Last week, the company said it would price its shares between $19 and $21. The increase shows just how hot demand for plant-based protein is right now, as more consumers are turning to meat alternatives to keep healthier diets and reduce their impact on the environment.
Just hours after it started trading, the stock had soared to nearly $73. It closed at $65.75 per share, up 163% from its IPO price.
"We've been overwhelmed with interest from some of the highest quality institutions in the world," Beyond Meat CEO Ethan Brown told CNN Business on Thursday, adding that the increase will help the stock's performance in the long term.
"It really is a time of unlimited growth." Brown said.
Impossible Foods, Beyond's main competitor, has struggled to keep up with increased demand for its product. Earlier this week, Impossible said it was experiencing a shortage because of increased interest.
The acknowledgment came just after the company expanded its partnership with Burger King, which is planning a national rollout of the Impossible Whopper this year. The plan would essentially double the amount of restaurants Impossible works with. Burger King had about 7,300 locations nationwide at the close of last year. Right now, Impossible supplies its product to about 7,000 restaurants.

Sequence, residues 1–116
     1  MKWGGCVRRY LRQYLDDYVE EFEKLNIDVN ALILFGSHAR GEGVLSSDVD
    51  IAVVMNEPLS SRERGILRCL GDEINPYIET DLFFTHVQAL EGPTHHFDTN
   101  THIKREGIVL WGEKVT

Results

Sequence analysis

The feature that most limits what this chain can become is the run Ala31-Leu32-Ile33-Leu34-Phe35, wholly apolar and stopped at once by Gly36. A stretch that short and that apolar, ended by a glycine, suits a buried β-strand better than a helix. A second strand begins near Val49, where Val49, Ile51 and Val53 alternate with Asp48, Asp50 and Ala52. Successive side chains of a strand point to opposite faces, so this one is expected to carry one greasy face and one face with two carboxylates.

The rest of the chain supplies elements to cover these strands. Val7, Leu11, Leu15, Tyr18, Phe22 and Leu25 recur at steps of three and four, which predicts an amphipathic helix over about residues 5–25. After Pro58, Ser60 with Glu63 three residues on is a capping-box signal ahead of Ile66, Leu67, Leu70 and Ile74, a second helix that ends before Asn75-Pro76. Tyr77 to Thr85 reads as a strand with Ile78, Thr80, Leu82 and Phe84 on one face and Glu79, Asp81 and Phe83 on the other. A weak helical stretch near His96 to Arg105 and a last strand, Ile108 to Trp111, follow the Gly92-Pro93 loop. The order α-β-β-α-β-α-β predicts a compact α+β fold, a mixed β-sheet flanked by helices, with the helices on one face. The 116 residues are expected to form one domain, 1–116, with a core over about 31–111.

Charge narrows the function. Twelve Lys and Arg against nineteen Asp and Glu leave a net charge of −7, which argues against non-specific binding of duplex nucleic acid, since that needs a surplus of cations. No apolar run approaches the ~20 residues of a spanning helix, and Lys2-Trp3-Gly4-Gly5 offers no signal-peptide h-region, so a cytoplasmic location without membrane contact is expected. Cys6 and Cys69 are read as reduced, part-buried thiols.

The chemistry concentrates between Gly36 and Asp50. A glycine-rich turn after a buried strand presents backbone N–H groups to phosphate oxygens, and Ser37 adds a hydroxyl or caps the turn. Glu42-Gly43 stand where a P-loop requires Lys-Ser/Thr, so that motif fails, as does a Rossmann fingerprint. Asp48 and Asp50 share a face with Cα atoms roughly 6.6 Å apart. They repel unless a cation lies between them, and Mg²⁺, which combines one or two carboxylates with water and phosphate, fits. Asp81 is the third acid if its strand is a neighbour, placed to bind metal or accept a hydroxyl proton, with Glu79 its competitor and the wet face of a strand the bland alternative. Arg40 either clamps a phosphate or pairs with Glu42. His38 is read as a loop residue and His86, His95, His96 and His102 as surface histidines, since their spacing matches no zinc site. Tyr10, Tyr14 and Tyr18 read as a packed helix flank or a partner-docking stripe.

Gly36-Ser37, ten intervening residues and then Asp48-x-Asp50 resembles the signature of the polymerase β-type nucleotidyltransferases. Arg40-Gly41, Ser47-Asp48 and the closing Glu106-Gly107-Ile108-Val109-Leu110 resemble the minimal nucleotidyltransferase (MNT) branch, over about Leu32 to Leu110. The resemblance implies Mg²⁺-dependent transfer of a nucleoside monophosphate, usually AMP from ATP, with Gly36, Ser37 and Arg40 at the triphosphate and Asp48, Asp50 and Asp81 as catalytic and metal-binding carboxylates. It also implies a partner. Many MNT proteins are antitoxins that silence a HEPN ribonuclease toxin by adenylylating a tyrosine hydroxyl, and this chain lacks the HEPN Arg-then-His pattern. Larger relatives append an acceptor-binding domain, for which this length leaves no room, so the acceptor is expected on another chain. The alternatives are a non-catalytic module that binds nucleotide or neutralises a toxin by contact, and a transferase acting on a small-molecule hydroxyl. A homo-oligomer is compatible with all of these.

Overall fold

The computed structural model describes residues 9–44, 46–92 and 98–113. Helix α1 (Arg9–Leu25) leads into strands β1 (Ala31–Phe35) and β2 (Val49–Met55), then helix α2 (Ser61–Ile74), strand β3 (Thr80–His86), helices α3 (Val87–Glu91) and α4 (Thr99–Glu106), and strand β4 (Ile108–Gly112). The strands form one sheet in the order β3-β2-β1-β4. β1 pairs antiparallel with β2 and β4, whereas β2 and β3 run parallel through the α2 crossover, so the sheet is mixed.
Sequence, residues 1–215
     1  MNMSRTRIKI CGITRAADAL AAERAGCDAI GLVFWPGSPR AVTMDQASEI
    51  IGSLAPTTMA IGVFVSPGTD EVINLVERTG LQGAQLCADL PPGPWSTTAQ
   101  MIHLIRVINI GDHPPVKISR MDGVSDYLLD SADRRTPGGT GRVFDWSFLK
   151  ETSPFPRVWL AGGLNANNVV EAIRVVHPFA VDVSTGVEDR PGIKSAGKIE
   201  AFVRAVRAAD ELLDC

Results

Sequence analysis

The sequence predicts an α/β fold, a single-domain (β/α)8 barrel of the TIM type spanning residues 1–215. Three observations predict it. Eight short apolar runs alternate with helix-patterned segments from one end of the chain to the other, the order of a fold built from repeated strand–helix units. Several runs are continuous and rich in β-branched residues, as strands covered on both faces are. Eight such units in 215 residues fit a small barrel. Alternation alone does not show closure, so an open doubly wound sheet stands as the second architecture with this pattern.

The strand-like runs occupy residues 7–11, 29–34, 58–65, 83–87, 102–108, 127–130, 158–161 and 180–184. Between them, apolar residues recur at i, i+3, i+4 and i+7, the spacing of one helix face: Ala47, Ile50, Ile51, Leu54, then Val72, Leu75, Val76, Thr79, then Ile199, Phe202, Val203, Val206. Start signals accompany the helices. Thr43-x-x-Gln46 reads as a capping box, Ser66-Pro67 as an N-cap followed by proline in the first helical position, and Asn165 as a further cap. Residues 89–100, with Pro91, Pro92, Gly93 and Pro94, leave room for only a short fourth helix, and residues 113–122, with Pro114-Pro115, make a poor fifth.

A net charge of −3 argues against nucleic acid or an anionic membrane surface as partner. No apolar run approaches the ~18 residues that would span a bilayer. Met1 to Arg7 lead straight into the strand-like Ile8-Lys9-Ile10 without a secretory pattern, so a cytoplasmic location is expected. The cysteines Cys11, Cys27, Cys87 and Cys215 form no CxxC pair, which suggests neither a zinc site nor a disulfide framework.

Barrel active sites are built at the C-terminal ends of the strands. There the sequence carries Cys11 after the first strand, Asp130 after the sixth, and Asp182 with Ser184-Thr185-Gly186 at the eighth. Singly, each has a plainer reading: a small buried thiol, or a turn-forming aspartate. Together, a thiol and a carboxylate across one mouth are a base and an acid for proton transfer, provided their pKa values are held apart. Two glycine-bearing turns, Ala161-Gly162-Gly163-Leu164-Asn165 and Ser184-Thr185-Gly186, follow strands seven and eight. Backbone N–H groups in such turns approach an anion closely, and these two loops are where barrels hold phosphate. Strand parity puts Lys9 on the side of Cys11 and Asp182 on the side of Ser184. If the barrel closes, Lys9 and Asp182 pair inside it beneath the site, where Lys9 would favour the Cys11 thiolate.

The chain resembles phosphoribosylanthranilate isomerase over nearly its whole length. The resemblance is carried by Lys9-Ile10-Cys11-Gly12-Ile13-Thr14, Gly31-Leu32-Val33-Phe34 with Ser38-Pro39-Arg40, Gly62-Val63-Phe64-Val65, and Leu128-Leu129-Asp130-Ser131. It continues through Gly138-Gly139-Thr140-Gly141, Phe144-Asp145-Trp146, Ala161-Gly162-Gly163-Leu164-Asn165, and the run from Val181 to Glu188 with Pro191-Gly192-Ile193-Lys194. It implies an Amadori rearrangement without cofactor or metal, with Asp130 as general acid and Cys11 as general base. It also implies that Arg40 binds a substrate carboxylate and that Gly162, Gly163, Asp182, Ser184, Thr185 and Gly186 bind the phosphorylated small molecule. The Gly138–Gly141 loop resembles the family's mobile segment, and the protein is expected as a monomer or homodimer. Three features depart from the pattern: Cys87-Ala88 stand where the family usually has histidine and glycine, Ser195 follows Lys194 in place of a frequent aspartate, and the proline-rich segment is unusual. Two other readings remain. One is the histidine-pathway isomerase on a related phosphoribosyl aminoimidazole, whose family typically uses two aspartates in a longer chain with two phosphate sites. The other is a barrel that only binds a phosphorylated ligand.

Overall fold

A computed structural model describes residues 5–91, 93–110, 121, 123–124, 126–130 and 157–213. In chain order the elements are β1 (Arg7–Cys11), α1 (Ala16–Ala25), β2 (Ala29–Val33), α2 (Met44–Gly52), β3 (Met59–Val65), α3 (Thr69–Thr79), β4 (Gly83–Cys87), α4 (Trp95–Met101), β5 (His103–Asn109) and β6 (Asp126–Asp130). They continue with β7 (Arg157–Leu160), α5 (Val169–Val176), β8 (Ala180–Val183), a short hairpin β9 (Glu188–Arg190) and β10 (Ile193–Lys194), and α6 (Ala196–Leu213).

Plus, Impossible CFO David Lee told CNN Business, demand for Impossible products within those 7,000 locations has more than doubled recently.
Beyond said it's already endured those types of growing pains.
"We went through such difficulties in '17 and '18 as the consumer moved so quickly into this category and into our product," he said. "That caught us off guard."
The company spent the past two years "redeveloping" its supply chain to make sure it could deal with growth. "Today, as the sector becomes even more and more attractive, we're ready," Brown said. "That was not the case two years ago."
In a recent SEC filing outlining its plan to go public, Beyond Meat reported that its net revenue has grown from $16.2 million in 2016 to $87.9 million last year. Today, customers can buy Beyond Meat protein in stores, or eat items made with Beyond Meat proteins at some fast food chains, such as Carl's Jr.
Beyond Meat also lost $29.9 million last year, which it attributed to investments in "innovation and growth of our business." The company added that it expects to continue investing in innovation, supply chain capabilities, manufacturing and marketing.